The Viagra Revolution

The pill's impact continues to reverberate in bedrooms across America

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By
HealthDay Reporter

FRIDAY, Feb. 13, 2004 (HealthDayNews) -- It's not just 50-something men needing a little boost who have sought out Viagra and its newly approved cousins.

It's also 18-year-olds with performance anxiety (not to be confused with actual performance problems), 38-year-old music stars overwhelmed with opportunity and 90-year-olds who want to be virile forever. In fact, there seems to be a veritable stampede toward the magic pills.

According to a recent issue of the Harvard Health Letter, the number of men diagnosed with erectile dysfunction in the United States has increased by 250 percent since Viagra was approved in 1998. Two similar drugs, Levitra and Cialis, were approved in 2003.

But is sex being confused with sexuality?

Viagra seems to be changing not only the firmness of a man's penis; it also seems to be changing the way people think about relationships.

"Viagra is really one of the most remarkable advances in medicine in the last 50 years. It's remarkable," says Dr. Abraham Morgentaler, an associate professor of urology at Harvard Medical School and author of The Viagra Myth: The Surprising Impact on Love and Relationships. "But the effect of Viagra is so far beyond its pure medical indication. The effects are psychological, they're attitudinal, they're behavioral and they're societal . . . Viagra has turned out to be a window into certainly the minds of the psyche of men but also of women and what it is that sex means for us."

There are those who really do benefit from Viagra. In his book, Morgentaler discusses the case of George, 58, and his wife, Marie (not their real names). Tests revealed that George was indeed having trouble getting firm erections. It was not all in his head. Viagra fixed that problem and gave new life to their relationship as well.

Other patients, however, want a Viagra "six pack" simply as insurance.

Even men in the traditionally virile, 18-to-25 age bracket are hooked. "The area of greatest concern is the young men entering the dating scene," Morgentaler says. "That age is characterized by a certain lack of confidence in one's ability."

According to Morgentaler, there's a fair amount of anecdotal evidence pointing to Viagra use among young men who don't have any physical problems. One younger patient asked Morgentaler for a prescription because "I feel like it gives me an edge."

"I think, for them, it raises the bar. Because my buddies are using this, do I now need to be pharmacologically enhanced in order to measure up," Morgentaler explains. "If a man feels he needs to take a pill in order to be adequate, then I think there is an opportunity lost to be loved and accepted for who he is."

This is precisely what happened to "James," a 38-year-old, ponytailed recording artist who was taking Viagra every time he had sex because it gave him "total confidence." Given his status in Los Angeles, James needed to summon up this confidence quite a bit. After a while, though, he started feeling like he couldn't have sex without the little blue pill. And a little while after that, he fell in love with "Sara," who accidentally discovered the pills in a jacket pocket. "It's amazing she didn't find them earlier. I had Viagra pills stashed everywhere just in case," James said. Soon both James and Sara were seeking counsel from Morgentaler.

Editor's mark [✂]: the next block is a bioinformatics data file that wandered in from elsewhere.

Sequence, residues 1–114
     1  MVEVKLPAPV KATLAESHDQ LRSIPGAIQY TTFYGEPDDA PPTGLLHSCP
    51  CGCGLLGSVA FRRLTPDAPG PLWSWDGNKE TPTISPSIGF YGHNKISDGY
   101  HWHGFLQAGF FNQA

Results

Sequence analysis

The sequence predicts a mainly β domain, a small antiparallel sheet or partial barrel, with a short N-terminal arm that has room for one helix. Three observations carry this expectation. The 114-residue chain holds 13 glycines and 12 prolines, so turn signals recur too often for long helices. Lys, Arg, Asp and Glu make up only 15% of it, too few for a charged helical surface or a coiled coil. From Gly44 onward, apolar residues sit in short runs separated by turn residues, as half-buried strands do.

"The Viagra experience has shown us [that] men care deeply about being a good sexual partner," Morgentaler says. "They want not just to be adequate but to be admired. Viagra can play into that."

But it also opens a window on how women feel about their sexual appeal. "The other thing we've learned is how important the erect penis is for a woman's sense of her own sexual appeal," Morgentaler says. "When a woman finds out a man has been using the pill secretly, there are two main reactions. One is fury about the dishonesty aspect and the other is, 'I thought it was me that was turning you on. Why do you need a pill to have sex with me?'"

How much of the problem is physical and how much is the relationship or other emotional issues is not always clear. And Viagra may not be the solution to either, as Ed Buckner, 50, of Boston, found out. When he was in his mid-40s, Buckner noticed he was having a "performance issue."

Buckner talked to his general practitioner, who immediately wrote a prescription for Viagra. Buckner's response: "Wow, I was hoping you would say that. This is just going to fix everything."

It didn't. "As much as I wanted to be aroused, I wasn't," Buckner recalls.

After a battery of tests (including visits to a psychologist), Morgentaler diagnosed low testosterone levels. Now Buckner gets twice monthly injections and, he says, "I have my life back."

More information

For more on erectile dysfunction, visit the National Institutes of Health or the American Foundation for Urologic Disease.

SOURCES: Abraham Morgentaler, M.D., associate professor, urology, Harvard Medical School, Boston, and author, The Viagra Myth: The Surprising Impact on Love and Relationships; Ed Buckner, Boston; January 2004 Harvard Health Letter

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